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Societal Level Impacts of Connected and Automated Vehicles

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Novel policy support tool assesses the impact of self-driving cars on society

Connected and automated vehicles will considerably impact mobility, safety, the environment and society as a whole. EU-funded researchers developed an evaluation framework to forecast these impacts.

Transport and Mobility icon Transport and Mobility
Climate Change and Environment icon Climate Change and Environment

Connected and automated vehicles are likely to be introduced in increased numbers over the next decade. This advent of automation can bring large unknown impacts on cities and authorities. How will this advanced technology affect society? How will automated vehicles contribute to increased safety and environmental protection as well as to reduced traffic congestion? Which mobility technologies will contribute most to value creation? To answer these questions, the EU-funded Levitate project developed an open-access web-based policy support tool to assess the societal impacts of automated vehicles. “With advanced mobility systems not yet in widespread use, there is a lack of data and knowledge in the field. Some of the technologies and mobility concepts may be entirely disruptive, requiring a mind shift. Therefore, the impacts cannot be determined from historic patterns,” notes project coordinator Andrew Morris. “Furthermore, estimates of the future impacts of cooperative, connected and automated mobility (CCAM) may be based on forecasting approaches, but there is still no agreement over the methodologies that will be used.”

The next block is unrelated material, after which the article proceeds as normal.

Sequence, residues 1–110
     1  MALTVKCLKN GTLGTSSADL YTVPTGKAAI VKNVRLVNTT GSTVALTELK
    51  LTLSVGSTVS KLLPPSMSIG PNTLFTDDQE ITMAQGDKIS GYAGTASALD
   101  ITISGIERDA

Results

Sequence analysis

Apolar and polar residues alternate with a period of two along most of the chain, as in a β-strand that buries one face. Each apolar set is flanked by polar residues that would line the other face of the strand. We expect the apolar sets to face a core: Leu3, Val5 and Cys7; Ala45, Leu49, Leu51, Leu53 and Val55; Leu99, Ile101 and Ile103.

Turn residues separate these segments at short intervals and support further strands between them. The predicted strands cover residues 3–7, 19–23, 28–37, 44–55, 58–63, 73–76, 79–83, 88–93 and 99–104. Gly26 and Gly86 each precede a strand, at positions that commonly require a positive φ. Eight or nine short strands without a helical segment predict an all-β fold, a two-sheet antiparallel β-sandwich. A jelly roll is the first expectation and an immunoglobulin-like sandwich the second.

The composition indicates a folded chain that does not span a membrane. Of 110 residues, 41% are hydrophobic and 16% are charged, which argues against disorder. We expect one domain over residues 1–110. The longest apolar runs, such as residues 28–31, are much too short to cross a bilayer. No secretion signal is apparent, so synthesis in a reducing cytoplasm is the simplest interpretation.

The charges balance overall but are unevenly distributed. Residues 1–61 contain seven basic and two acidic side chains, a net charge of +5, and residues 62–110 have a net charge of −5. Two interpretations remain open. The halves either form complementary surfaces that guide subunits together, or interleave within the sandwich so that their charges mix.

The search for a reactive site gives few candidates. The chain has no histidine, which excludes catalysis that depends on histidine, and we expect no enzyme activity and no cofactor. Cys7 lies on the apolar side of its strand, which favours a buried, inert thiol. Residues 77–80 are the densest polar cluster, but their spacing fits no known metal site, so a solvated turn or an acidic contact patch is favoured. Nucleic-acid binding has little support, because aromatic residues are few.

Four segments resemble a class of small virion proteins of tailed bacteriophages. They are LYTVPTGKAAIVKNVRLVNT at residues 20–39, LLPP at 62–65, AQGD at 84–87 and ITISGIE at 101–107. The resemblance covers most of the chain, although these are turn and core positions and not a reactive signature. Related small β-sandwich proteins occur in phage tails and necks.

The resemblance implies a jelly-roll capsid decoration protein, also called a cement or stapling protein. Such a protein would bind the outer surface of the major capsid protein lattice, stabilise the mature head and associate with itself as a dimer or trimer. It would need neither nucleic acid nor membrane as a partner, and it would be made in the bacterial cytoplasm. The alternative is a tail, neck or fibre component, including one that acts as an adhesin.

Tool operation and components

Levitate’s novel policy support tool is a hands-on, user-friendly tool enabling policymakers to manage the smooth introduction of connected and automated vehicles, maximise CCAM benefits and use the technology to achieve societal objectives. The tool comprises a knowledge module (static component) and an estimator module (dynamic component). The knowledge module is a static repository offering documentation for all aspects of the policy support tool and results from various intervention case studies and relevant literature from CCAM guidelines. The estimator module can be used to predict societal impacts based on certain information and allows conducting comparative analyses. It provides quantified output on the expected impact from CCAM and related policies and can also be used for backcasting societal impacts by taking future estimates as bases for present policy selection. Furthermore, it provides cost-benefit analyses for monetising costs and benefits of CCAM interventions.

Potential impact

“The newly developed tool and project outcomes will serve as a valuable new resource for municipalities, regional authorities and national governments that wish to prepare for the prevalence of connected and automated vehicles and identify the most effective measures to achieve wider societal objectives. These authorities will need a new evidence-based approach to policymaking,” explains Morris. “Sustainable urban mobility plans typically have a time horizon of 15 years, which is directly comparable to the likely timescales for the introduction of CCAM technologies and services. Levitate outcomes and the new interactive policy support tool will assist cities when developing long-term strategies, ensuring that scenario planning incorporates the most appropriate mix of targets and is based on the best knowledge of CCAM interventions,” adds Morris. The project team has already started promoting the policy support tool to cities that are members of the stakeholder reference group. After project completion, they will share the results with a larger number of cities and industry stakeholders to help them assess the impact of automated mobility and design the transport infrastructure and regulations.


Levitate, policy support tool, CCAM, connected and automated vehicles, cities, societal impacts, connected and automated mobility

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